Cancer

Cancer comparison across species highlights new drug targets

Cancer genes in mucosal melanoma, a rare and poorly understood subtype of melanoma, have been compared in humans, dogs and horses for the first time by scientists at the Wellcome Sanger Institute and their collaborators. ...

Immunology

Venoms are sources in the search for new medicines

Animal venoms are the subject of study at the Butantan Institute in São Paulo. But in this case, the idea is not to find antidotes, but rather to use the properties of the venoms themselves to identify molecular targets ...

Cancer

Why some brain tumors respond to immunotherapy

Columbia researchers have learned why some glioblastomas—the most common type of brain cancer—respond to immunotherapy. The findings could help identify patients who are most likely to benefit from treatment with immunotherapy ...

Cancer

Researchers discover method to 'turn off' mutated melanoma

Melanoma is the deadliest form of skin cancer and notorious for its resistance to conventional chemotherapy. Approximately 25 percent of melanoma is driven by oncogenic mutations in the NRAS gene, making it a very attractive ...

Cancer

How do metastatic tumor cells grow in lymph nodes?

The spread of cancer to a new part of the body accounts for about 90 percent of cancer deaths. Cancer cells can spread from sites of origin to other parts of the body through blood vessels (blood-borne metastasis) or the ...

Cancer

Nullifying protein YTHDF1 enhances anti-tumor response

Cancer immunotherapy—an approach that removes the barriers that protect cancer cells from a patient's immune system—has revolutionized the treatment of many cancer types. About 40 percent of melanoma patients, for example, ...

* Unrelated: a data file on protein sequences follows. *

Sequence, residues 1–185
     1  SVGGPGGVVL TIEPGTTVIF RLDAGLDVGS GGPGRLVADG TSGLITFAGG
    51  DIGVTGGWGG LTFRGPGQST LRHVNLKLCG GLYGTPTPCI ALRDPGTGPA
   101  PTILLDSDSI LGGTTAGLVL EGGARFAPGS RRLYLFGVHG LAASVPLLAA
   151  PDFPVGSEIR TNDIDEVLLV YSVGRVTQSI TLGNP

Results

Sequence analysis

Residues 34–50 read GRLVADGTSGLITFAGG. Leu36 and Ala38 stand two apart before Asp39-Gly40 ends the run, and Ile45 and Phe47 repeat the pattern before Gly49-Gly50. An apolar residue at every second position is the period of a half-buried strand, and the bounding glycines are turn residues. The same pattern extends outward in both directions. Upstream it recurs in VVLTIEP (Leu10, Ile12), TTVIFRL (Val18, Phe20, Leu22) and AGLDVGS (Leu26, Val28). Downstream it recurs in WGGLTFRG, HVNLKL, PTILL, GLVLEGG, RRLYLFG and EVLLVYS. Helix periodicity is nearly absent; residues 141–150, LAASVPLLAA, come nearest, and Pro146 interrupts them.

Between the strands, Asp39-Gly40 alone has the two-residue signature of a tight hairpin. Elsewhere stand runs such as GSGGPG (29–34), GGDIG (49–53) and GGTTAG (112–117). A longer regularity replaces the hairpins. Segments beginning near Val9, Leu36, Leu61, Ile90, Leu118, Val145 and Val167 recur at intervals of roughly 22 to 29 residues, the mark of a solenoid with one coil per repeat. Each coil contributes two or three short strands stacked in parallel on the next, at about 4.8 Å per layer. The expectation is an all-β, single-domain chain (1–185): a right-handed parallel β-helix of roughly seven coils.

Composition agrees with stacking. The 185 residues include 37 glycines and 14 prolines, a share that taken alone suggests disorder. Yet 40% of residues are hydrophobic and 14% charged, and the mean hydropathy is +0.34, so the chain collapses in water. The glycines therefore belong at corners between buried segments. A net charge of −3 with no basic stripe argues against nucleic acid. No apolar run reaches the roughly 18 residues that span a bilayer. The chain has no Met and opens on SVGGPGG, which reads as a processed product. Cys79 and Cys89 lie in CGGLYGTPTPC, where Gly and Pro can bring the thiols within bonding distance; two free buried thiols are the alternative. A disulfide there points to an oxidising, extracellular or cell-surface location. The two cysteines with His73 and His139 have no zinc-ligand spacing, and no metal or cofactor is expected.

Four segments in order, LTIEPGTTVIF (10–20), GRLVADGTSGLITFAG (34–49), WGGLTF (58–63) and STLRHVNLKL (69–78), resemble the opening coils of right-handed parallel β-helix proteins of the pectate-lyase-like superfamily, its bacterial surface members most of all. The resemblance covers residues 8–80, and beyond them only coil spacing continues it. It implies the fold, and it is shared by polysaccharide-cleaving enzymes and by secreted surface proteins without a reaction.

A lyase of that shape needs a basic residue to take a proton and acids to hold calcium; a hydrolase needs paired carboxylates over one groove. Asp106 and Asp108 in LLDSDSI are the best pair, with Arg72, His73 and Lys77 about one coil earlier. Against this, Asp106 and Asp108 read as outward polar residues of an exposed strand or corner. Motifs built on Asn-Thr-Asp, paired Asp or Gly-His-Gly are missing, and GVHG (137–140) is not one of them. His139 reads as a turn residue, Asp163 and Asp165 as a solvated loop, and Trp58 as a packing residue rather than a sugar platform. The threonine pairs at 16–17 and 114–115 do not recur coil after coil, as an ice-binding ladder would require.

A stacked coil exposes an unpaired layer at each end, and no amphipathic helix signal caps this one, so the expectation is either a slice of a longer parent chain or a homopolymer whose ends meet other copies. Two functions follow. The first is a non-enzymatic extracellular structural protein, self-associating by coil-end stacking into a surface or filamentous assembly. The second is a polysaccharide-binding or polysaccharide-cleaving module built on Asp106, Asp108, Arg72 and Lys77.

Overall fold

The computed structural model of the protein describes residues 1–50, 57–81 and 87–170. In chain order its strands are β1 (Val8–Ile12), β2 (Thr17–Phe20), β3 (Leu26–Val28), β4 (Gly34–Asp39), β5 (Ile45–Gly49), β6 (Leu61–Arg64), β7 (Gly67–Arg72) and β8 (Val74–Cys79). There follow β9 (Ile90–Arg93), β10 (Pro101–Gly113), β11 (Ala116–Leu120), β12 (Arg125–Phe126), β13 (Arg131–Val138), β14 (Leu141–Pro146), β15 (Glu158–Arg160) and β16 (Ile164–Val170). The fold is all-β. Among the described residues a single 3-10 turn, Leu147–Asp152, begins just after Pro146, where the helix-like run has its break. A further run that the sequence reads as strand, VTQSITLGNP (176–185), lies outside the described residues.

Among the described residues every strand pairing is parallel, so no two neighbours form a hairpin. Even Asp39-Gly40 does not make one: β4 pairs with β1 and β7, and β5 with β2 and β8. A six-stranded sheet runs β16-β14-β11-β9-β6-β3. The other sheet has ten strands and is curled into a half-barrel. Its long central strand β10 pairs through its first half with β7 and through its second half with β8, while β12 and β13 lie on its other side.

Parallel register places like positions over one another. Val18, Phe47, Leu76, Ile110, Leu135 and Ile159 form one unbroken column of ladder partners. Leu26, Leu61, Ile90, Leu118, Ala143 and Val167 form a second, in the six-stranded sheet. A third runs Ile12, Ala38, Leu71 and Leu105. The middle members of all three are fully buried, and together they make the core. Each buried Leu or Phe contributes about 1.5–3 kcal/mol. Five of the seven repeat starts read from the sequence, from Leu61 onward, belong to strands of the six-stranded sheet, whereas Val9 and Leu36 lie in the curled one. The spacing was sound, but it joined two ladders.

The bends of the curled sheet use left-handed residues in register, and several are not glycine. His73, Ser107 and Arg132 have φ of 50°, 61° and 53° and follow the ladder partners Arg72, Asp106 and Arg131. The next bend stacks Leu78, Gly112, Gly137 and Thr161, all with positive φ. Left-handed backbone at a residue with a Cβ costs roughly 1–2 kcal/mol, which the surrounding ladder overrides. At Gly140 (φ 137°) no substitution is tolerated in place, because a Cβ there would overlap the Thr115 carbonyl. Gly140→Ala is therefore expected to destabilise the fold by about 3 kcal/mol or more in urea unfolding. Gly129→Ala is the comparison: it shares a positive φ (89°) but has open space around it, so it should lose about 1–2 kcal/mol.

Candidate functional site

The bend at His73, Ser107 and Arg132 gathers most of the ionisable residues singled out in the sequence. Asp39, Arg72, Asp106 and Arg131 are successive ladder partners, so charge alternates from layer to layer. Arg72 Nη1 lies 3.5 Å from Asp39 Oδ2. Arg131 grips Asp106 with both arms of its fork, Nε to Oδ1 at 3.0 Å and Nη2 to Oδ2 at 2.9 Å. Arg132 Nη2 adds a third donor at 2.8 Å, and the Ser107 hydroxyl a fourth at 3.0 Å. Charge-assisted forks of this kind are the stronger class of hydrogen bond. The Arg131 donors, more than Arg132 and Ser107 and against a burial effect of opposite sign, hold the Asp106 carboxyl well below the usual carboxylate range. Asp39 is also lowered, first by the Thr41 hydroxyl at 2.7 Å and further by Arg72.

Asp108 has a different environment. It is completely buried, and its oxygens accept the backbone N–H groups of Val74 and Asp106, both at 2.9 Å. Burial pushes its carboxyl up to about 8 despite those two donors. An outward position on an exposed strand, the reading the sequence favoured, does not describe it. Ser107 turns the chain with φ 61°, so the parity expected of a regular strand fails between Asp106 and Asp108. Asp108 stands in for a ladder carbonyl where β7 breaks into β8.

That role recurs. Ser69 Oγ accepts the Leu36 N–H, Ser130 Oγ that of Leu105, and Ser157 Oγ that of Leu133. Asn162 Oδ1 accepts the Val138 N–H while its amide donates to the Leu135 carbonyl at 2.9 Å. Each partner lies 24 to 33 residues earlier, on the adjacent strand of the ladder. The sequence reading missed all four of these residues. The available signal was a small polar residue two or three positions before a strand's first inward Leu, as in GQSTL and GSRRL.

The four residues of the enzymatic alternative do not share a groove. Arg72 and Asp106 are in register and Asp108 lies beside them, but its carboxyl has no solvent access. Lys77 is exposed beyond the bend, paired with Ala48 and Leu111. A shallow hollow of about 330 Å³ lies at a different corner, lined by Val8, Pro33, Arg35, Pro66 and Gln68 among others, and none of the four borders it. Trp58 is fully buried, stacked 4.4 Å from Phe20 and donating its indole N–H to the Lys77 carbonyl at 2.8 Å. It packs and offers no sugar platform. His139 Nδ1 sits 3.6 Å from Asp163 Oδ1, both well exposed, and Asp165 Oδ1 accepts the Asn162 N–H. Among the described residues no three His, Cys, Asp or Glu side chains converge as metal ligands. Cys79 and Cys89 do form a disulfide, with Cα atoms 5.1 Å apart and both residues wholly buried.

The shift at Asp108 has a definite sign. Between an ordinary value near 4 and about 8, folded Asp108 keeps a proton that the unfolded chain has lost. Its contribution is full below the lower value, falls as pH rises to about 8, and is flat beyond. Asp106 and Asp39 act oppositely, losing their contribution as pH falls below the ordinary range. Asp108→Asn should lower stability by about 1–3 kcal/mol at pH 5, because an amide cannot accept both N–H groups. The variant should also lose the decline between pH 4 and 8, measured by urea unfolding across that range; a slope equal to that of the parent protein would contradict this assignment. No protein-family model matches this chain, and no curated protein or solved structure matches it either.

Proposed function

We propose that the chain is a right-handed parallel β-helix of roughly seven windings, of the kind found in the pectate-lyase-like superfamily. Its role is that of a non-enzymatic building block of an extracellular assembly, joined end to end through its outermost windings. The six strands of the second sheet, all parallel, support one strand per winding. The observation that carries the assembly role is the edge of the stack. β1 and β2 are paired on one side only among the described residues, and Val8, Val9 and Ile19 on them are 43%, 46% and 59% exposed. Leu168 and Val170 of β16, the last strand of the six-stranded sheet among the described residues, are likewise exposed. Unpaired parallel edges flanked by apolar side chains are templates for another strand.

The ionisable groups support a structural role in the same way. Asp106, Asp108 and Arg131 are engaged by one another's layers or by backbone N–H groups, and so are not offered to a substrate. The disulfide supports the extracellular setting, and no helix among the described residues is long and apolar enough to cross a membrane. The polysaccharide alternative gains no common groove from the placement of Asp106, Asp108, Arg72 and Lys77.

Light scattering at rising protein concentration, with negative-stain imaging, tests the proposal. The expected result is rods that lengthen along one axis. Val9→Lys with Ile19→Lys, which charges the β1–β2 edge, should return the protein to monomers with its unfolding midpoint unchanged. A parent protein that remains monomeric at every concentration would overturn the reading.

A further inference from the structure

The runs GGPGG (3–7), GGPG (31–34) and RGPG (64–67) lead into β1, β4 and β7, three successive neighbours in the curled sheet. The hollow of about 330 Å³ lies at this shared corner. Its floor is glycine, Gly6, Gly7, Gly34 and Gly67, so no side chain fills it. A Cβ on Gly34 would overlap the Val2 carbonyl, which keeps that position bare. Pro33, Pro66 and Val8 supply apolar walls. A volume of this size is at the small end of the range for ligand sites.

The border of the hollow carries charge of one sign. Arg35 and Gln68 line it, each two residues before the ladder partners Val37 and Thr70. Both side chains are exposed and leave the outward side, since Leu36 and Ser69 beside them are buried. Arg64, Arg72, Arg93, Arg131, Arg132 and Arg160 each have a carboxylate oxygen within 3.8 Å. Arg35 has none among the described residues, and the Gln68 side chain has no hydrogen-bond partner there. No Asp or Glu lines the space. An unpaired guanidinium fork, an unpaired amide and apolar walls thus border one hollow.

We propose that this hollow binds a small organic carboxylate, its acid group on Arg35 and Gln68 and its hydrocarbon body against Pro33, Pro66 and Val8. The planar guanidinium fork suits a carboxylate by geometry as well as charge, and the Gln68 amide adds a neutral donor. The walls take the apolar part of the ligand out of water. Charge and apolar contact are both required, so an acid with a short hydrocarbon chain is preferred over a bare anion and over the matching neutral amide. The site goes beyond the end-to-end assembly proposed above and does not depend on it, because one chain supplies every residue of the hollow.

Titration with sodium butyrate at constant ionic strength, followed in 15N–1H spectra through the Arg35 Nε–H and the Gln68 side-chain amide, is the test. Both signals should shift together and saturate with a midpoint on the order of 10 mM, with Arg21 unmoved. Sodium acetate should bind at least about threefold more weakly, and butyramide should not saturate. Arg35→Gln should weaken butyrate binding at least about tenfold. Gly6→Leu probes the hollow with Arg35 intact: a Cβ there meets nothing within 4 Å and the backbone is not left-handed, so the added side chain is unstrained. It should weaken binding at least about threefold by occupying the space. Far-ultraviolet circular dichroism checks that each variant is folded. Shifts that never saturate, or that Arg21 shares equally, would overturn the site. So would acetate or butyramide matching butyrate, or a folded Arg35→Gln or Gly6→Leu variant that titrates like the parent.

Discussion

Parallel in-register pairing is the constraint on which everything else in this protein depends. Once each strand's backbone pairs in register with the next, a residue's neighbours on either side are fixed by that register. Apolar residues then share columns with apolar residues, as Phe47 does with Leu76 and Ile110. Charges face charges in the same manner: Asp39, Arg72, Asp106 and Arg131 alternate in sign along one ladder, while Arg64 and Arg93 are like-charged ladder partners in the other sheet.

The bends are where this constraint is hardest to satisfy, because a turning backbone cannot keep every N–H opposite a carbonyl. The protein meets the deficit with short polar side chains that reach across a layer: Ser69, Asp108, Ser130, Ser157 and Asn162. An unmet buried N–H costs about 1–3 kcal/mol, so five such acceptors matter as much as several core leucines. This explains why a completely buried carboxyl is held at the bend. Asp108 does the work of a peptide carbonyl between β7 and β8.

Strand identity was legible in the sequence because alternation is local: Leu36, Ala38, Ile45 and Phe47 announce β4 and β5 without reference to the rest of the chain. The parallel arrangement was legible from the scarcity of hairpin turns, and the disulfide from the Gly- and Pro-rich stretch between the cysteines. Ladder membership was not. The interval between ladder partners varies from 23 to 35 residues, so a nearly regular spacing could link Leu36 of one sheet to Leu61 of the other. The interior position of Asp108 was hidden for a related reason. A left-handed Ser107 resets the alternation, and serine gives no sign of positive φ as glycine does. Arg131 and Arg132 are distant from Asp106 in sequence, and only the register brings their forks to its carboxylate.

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Melanoma i/ˌmɛləˈnoʊmə/ (from Greek μέλας - melas, "dark") is a malignant tumor of melanocytes. Melanocytes are cells that produce the dark pigment, melanin, which is responsible for the color of skin. They predominantly occur in skin, but are also found in other parts of the body, including the bowel and the eye (see uveal melanoma). Melanoma can occur in any part of the body that contains melanocytes.

Melanoma is less common than other skin cancers. However, it is much more dangerous and causes the majority (75%) of deaths related to skin cancer. Worldwide, doctors diagnose about 160,000 new cases of melanoma yearly. The diagnosis is more frequent in women than in men and is particularly common among Caucasians living in sunny climates, with high rates of incidence in Australia, New Zealand, North America, Latin America, and northern Europe. According to a WHO report, about 48,000 melanoma related deaths occur worldwide per year.

The treatment includes surgical removal of the tumor, adjuvant treatment, chemo- and immunotherapy, or radiation therapy. The chance of a cure is greatest when the tumor is discovered while it is still small and thin, and can be entirely removed surgically.

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